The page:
In his annual letter to shareholders for 2014, Jamie Dimon, J.P. Morgan’s CEO, made an astonishing revelation. That year alone, his firm hired 8,000 new employees just to improve its compliance with anti-money laundering laws. J.P. Morgan’s recruitment zeal stemmed from a $2.6 billion penalty for anti-money laundering violations, due to its failure to spot Madoff’s ponzi scheme. This was hardly an isolated case: anti-money laundering laws have played a central part in four out of the eight biggest fines in the wake of the financial crisis, becoming a key legal basis in the quest to hold banks accountable. The newfound prominence of the anti-money laundering framework is striking. These laws target drug cartels and terrorists, the criminal periphery of the financial system rather than its core weaknesses. But since 2007, the anti-money laundering framework has evolved into a critical detection and enforcement mechanism for regulators, and a key priority for private industry compliance. So far, there is little in the legal literature that could explain this puzzling shift towards the anti-money laundering toolkit.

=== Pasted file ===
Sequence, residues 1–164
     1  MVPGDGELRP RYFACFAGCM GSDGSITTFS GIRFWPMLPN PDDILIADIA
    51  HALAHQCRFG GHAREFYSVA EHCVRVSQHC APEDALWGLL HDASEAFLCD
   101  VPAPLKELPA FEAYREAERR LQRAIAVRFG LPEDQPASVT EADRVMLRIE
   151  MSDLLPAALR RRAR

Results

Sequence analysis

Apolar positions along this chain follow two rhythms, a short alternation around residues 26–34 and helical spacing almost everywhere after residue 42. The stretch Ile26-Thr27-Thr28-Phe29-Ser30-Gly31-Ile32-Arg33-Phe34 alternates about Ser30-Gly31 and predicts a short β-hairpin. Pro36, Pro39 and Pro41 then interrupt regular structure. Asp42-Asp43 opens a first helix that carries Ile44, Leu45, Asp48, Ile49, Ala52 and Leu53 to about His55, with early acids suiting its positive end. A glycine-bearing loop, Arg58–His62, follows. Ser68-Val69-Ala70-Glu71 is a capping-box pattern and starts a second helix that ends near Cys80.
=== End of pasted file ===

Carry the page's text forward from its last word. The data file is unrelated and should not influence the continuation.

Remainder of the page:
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Reforming the Delaware Law to Address Appraisal Arbitrage

Wei Jiang is Arthur F. Burns Professor of Free and Competitive Enterprise at Columbia Business School. This post is based on an article authored by Professor Jiang; Tao Li, Assistant Professor of Finance at Warwick Business School; Danqing Mei, Ph.D. candidate in Finance at Columbia Business School; and Randall S. Thomas, John S. Beasley II Professor of Law and Business at Vanderbilt Law School and Owen Graduate School of Management. This post is part of the Delaware law series; links to other posts in the series are available here.